• How many sessions do you think it would take until I can figure out if the counselling sessions will make a difference? **
  • What is their fee and is there a way to pay in installments (if necessary)?
*The truth is, the number of sessions you attend will vary. There is no golden number of sessions, after which, you would be "completely okay".
Why? Because your experience and your journey is completely unique and different to another person. Asking this question is really to figure out if a therapist might work prescriptively or more uniquely to your experiences.
**2-3 is really when the trust builds and comfort-ability grows. This gives you a good idea whether or not working with a particular therapist will be for you.

In this way, you gain more information about them and you sort of 'taste-test' their type of therapy.

Once you’re ready and thought about who might be best for you - give the potential therapist a call ready to talk about you and what you're wanting from the sessions.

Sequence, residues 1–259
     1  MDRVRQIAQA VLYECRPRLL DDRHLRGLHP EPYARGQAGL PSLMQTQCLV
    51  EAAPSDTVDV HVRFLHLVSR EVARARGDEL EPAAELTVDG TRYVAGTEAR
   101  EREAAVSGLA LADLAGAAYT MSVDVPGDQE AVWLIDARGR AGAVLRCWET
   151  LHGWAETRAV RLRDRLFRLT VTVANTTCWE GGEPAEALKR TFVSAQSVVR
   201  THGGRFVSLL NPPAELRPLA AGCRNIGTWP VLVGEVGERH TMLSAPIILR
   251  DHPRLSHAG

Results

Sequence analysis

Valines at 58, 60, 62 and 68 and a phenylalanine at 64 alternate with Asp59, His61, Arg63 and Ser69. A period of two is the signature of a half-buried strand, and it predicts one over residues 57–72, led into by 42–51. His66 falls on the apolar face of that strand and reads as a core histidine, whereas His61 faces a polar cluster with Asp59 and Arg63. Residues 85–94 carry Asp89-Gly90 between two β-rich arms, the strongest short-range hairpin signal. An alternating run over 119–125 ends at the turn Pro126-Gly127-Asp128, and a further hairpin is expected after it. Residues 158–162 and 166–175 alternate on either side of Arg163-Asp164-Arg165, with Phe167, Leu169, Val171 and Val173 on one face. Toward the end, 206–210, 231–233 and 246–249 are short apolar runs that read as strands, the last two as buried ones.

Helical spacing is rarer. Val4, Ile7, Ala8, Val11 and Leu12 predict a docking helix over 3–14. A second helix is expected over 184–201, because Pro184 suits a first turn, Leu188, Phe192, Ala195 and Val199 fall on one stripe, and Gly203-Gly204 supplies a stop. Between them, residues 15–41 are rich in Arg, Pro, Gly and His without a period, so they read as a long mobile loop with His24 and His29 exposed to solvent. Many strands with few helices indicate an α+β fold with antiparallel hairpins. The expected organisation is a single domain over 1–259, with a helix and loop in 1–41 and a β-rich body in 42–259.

If you are still unsure and have some questions or thoughts, you can check out our article on common thoughts and questions people have about therapy to support you with finding out what to do and encourage you to find the support you’re looking for.

Or you could get in touch with me with the form below and we'll arrange to chat over the phone. I'd love to be a part of getting you to that support you need. Even if it's with another therapist - we’re all here to help each other out!

During the first session

Having done all the preparation above will really help with the rest of the whole process because you have already shared a little bit during your phone call.